One of the most commonly utilised materials today for surgical uses is stainless steel.
It is biocompatible, easy to clean and sterilise, strong, and resistant to corrosion. These characteristics make stainless steel ideal for surgical instruments such as hypodermic needles and catheters. Specialty stainless steels are also used for surgical implants such as bone fixation screws and prosthetic joints.
While there are over 60 grades of stainless steel, stainless steels are essentially iron alloys bearing at least 10.5% chromium and less than 1.2% carbon by weight. The specialty grades of stainless steel that are most commonly used in surgical implants also contain molybdenum (about 3%) and nickel (about 14%).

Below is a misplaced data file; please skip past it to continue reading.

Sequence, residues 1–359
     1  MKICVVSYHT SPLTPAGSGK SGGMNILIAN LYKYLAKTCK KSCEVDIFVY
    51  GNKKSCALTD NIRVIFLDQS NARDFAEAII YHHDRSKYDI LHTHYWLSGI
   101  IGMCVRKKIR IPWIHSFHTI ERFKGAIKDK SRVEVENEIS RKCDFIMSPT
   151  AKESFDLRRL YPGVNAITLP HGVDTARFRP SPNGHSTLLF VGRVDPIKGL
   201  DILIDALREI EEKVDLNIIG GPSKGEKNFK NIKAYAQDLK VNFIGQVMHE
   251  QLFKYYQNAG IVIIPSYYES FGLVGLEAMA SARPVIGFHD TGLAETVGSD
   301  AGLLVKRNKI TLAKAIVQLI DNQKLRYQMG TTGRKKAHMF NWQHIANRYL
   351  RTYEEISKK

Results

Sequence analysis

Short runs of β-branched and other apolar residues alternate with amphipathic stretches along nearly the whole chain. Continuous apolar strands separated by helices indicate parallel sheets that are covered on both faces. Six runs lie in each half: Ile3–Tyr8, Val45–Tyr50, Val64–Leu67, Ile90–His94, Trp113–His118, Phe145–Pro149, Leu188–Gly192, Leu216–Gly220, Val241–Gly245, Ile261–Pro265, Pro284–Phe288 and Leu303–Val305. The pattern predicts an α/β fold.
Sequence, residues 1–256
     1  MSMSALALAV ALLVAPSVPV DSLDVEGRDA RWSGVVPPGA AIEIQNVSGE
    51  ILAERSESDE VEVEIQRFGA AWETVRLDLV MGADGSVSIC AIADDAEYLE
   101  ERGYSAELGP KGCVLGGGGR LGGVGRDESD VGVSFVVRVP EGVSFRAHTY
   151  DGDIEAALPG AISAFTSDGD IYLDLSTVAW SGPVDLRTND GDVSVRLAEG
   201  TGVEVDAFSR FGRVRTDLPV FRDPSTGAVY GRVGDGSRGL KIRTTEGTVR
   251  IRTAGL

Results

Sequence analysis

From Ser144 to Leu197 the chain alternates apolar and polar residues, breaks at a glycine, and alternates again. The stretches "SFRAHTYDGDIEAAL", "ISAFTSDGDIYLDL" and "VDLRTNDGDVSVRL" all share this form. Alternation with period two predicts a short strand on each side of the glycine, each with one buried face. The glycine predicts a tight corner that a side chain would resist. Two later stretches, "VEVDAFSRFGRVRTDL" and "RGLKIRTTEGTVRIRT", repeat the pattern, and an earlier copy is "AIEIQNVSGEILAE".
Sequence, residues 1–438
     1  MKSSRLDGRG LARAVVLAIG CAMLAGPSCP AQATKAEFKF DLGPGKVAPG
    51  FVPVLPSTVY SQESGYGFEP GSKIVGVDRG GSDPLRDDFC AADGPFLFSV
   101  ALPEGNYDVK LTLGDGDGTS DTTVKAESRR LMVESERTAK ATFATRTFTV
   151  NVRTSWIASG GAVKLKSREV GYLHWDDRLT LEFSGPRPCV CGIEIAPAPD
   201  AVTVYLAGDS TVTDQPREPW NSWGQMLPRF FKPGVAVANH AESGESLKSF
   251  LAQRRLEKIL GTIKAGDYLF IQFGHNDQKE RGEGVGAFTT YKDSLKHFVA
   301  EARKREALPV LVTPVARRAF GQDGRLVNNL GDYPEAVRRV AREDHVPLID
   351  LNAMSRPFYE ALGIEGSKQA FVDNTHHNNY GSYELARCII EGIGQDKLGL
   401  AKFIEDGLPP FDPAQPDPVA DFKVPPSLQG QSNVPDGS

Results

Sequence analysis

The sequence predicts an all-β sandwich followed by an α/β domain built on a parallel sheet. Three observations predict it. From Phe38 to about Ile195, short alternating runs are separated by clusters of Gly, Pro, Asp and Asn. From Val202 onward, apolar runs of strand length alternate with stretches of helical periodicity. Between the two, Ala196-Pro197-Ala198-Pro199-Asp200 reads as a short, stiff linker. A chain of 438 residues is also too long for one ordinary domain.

In recent years, a specialist alloy called Nitinol has emerged as another nickel-containing material for biomedical applications. Comprised of nickel and titanium, Nitinol is commonly used in stents – small hollow tubes used to keep arteries open, and in kink-resistant guidewires for placing implants.
Amongst the millions of surgical implant operations carried out each year in short and long-term applications, an isolated number of occasions have been reported where the presence of nickel in the implant alloy is suspected of causing an allergic reaction. This advisory note aims to provide reassurance and advice about the safe use of nickel as part of an alloy in surgical applications.